Dehydration: When Water Isn’t Enough

Now that temperatures are on the rise and we’re all ready for more outdoor activity, remember to drink enough fluid to maintain stamina and avoid dehydration.

The main reason for getting tired during extended periods of exercise is loss of fluid by sweating. This can cause dehydration and break down the body’s carbohydrate stores that provide fuel (energy) for activity. Studies show that even limited fluid loss can reduce the capacity to continue the keep moving, so be sure to drink enough during exercise.

The best drink options contain carbohydrates (to replace the body’s fuel) and electrolytes (to promote hydration). Extensive studies show that sports drinks with both carbohydrates and electrolytes (sodium and potassium) are better than plain water to improve performance and rehydrate, especially during interval training.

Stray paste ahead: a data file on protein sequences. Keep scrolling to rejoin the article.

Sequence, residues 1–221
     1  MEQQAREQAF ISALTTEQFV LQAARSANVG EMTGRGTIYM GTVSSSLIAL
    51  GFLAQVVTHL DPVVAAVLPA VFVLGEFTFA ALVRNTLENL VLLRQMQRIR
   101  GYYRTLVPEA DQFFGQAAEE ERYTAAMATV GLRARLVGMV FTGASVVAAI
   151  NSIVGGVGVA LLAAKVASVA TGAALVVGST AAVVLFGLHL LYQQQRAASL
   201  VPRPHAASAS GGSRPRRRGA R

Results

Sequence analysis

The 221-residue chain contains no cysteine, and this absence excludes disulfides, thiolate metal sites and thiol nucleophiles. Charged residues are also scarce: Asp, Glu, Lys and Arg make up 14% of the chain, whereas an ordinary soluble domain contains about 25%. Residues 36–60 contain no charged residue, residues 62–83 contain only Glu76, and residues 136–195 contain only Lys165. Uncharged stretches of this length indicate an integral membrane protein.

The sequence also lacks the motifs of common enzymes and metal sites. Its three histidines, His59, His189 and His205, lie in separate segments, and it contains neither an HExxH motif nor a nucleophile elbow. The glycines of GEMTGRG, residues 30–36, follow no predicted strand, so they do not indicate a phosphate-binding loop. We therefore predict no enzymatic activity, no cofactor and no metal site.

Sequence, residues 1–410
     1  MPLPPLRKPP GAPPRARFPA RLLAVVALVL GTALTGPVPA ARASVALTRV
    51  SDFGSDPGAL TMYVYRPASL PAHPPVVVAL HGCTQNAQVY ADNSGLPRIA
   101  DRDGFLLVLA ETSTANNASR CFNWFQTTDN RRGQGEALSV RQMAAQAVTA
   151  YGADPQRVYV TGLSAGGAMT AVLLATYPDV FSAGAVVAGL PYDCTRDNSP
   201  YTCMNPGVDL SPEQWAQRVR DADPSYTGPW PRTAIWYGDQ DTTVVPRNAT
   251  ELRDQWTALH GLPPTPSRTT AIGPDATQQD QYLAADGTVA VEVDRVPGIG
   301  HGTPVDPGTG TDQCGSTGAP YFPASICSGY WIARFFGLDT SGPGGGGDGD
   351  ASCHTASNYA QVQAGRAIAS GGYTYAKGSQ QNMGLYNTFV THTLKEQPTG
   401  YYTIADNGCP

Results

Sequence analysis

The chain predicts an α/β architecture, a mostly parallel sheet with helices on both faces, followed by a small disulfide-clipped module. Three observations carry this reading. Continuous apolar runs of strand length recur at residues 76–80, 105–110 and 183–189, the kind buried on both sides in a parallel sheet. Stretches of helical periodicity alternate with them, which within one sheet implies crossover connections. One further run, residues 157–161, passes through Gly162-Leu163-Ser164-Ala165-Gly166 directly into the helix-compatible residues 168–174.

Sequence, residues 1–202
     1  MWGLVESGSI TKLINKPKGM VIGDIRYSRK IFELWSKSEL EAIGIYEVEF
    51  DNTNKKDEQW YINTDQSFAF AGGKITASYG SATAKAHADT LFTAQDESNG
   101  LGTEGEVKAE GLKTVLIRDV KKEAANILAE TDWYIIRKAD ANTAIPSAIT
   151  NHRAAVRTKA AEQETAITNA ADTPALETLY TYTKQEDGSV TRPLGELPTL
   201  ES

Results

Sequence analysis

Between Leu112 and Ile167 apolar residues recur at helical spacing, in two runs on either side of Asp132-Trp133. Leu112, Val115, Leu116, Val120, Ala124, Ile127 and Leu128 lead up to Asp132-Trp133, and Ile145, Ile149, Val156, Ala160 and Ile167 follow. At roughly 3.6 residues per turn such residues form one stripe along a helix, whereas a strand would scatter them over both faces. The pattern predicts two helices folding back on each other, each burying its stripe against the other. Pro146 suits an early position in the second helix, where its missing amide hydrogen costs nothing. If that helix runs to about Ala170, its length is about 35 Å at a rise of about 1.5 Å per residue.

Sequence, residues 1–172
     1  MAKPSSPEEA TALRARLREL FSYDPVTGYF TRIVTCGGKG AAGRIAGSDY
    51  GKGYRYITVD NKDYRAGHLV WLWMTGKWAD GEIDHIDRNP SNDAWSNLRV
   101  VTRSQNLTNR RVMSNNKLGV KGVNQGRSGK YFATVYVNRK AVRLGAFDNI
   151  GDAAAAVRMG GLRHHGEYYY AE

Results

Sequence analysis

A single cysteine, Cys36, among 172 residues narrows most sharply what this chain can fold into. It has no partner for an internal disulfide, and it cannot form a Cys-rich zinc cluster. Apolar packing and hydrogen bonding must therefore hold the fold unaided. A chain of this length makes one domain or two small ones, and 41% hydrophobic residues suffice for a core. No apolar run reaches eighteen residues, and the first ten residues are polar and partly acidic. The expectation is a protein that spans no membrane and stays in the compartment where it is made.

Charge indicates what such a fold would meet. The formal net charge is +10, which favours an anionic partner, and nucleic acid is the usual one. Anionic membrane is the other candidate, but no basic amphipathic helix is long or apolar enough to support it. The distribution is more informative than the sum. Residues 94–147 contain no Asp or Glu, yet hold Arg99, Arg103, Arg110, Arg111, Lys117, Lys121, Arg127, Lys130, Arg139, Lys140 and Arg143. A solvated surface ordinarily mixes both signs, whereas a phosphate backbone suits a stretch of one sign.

Plain water dilutes the blood and decreases electrolyte concentration. The body misinterprets this as enough hydration, signals the excretion of fluids and reduces the feeling of thirst, even though hydration isn’t adequate. That’s why exercisers often refrain from drinking during a workout.

The Right Stuff to Avoid Dehydration

On the other hand, sports drinks with electrolytes increase blood and sodium concentration. The body reacts appropriately by conserving fluids, reducing urine output and increasing thirst. Carbohydrates rapidly replace depleted energy stores, which increases stamina and improves performance.

When shopping for sports drinks, read the ingredient and nutrition information on label. Look for something with minerals and about 15 grams of carbohydrate maximum–and keep an eye on the calories.

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